Now allow me to expand on the most essential doctrine of Fundamental Christianity, the inspiration and inerrancy of Scripture: The Bible is more than a book of important spiritual information. It is the very Word of God.

2 Timothy 3:16 AMP, “All Scripture is God-breathed (given by divine inspiration)…”

Hebrews 4:12, “For the word of God is living and powerful, and sharper than any two-edged sword, piercing even to the division of soul and spirit, and of joints and marrow, and is a discerner of the thoughts and intents of the heart.”

1 Peter 1:25, “The grass withers, and its flower falls away, But the word of the Lord endures forever.”

2 Peter 1:21, “For prophecy never came by the will of man, but holy men of God spoke as they were moved by the Holy Spirit.”

John 17:17, “Sanctify them through Your truth: Your word is truth.”

Isaiah 40:8, “The grass withers, the flower fades, but the word of our God stands forever.”

Matthew 24:35, “Heaven and earth will pass away, but My words will by no means pass away.”

Jeremiah began his prophecy by writing, “The word of the Lord came” (Jeremiah 1:2).

The words, “Thus saith the Lord” is found more than 400 times in the King James Bible.

The Bible is the Word of God and is fundamental to the Christian faith. Destroy the inspiration of Scripture and every cardinal doctrine falls. Creation, the virgin birth, the deity of Christ, His crucifixion, death, burial and resurrection. The inspired word is the foundation upon which all doctrine is built. Without the inspiration of the Scripture, there is no Christianity.

Now just a word about “Liberalism.”

Theological liberalism, sometimes known as Protestant Liberalism, is a theological movement rooted in the early 19th century German Enlightenment, notably in the philosophy of Immanuel Kant and the religious views of Friedrich Schleiermacher. It is an attempt to incorporate modern thinking and developments, especially in the sciences, into the Christian faith. Liberalism tends to emphasize ethics over doctrine and experience over Scriptural authority. While essentially a 19th century movement, theological liberalism came to dominate the American mainline churches in the early 20th century. Liberal Christian scholars embraced and encouraged the higher biblical criticism of modern Biblical scholarship.

Protestant liberal thought in its most traditional incarnations emphasized the universal Fatherhood of God, the brotherhood of man, the infinite value of the human soul, the example of Jesus, and the establishment of the moral-ethical Kingdom of God on Earth. It has often been relativistic, pluralistic, and non-doctrinal.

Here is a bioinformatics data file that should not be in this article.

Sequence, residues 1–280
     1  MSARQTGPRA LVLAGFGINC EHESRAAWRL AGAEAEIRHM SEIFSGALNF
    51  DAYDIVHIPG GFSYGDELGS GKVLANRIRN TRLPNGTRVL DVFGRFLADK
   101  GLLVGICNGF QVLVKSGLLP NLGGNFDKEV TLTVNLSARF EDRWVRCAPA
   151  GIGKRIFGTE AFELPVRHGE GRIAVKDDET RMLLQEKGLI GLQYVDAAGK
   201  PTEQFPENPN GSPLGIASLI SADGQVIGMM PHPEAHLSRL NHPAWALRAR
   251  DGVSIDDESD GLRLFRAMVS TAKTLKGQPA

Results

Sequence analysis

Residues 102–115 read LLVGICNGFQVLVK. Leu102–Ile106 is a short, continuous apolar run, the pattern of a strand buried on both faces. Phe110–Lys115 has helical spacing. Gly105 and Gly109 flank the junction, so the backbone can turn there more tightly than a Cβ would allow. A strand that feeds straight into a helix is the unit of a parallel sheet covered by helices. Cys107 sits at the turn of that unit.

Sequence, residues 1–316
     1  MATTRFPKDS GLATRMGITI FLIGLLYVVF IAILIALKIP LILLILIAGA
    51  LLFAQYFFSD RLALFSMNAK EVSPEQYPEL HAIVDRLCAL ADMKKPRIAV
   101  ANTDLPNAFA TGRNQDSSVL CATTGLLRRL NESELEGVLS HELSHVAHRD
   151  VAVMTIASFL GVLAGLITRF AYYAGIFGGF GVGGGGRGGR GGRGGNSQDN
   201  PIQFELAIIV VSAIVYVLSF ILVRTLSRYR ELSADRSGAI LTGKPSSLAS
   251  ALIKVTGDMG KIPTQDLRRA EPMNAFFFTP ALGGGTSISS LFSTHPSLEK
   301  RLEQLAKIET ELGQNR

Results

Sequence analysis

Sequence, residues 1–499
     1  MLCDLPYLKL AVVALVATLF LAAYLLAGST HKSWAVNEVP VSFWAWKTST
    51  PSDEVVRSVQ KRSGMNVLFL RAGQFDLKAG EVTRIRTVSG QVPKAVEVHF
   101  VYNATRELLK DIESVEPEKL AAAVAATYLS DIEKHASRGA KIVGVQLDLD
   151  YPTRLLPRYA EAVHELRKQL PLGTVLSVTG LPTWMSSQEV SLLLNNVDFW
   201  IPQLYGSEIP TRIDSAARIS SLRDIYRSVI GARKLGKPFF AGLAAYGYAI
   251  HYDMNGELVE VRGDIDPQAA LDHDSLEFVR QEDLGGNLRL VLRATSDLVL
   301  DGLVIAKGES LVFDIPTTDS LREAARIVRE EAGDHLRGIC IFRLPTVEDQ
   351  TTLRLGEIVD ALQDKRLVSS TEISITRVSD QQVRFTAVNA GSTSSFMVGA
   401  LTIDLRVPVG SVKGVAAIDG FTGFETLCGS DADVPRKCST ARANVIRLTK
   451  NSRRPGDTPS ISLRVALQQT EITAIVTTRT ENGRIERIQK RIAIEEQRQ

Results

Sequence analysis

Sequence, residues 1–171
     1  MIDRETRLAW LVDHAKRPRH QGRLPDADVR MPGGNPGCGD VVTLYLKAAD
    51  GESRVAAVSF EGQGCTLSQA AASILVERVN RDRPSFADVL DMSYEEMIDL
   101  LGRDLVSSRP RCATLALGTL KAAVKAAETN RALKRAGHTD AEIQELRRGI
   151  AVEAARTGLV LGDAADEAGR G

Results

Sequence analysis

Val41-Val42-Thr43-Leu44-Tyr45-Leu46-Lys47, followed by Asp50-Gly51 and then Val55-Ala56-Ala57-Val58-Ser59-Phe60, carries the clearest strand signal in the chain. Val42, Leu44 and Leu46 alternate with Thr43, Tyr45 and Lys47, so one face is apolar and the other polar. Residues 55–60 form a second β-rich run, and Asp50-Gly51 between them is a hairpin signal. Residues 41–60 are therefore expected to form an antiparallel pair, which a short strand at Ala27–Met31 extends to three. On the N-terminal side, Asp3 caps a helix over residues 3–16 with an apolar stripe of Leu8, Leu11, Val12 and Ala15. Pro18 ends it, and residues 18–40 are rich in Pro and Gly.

Liberalism birthed other movements with varying emphases. Among these movements have been the Social Gospel, Theological Feminism, Liberation theology, Process theology, and the Jesus Seminar. One product of these movements is the heretical Myth of Christian Origins which denies the divinity of Christ and the authority of scripture.” –Theopedia

Broad-mindedness in religious standards and beliefs has always been at the heart of the agenda of Theological Liberalism. This movement has characterized Evangelicals, and Fundamentalists as unenlightened, outmoded and hopelessly intolerant. They argued that Christianity should be broad enough to embrace all religions, regardless of their biblical teachings. They argued that Evangelical-Fundamentalism did not represent Christ; tolerance and liberality  were more fitting for modern Christianity. Sooner than later sound doctrine gave way to compromise, liberalism and even unbelief in the church.

    A denial of the inspiration of the Scriptures.

    A denial of the virgin birth of Christ.

    A denial of the deity of Christ. Jesus was just a good moral teacher

    A denial of the resurrection of Christ.

    A denial of a literal hell.


Listen to the infallible, inspired, and perfect word of God…

“I marvel that you are turning away so soon from Him who called you in the grace of Christ, to a different Gospel,  which is not another; but there are some who trouble you and want to pervert the Gospel of Christ.  But even if we, or an angel from heaven, preach any other Gospel to you than what we have preached to you, let him be accursed.  As we have said before, so now I say again, if anyone preaches any other Gospel to you than what you have received, let him be accursed” (Galatians 1:6-9).


Unless otherwise noted, the New King James Version of the Bible was used. Also the New Living Translation (NLT); The Message (MSG); The Amplified Bible (AMP); the King James Version (KJV), The New Life Version) NLV); English Standard Version (ESV); J.B. Phillips New testament;  and The Living Bible (TLB).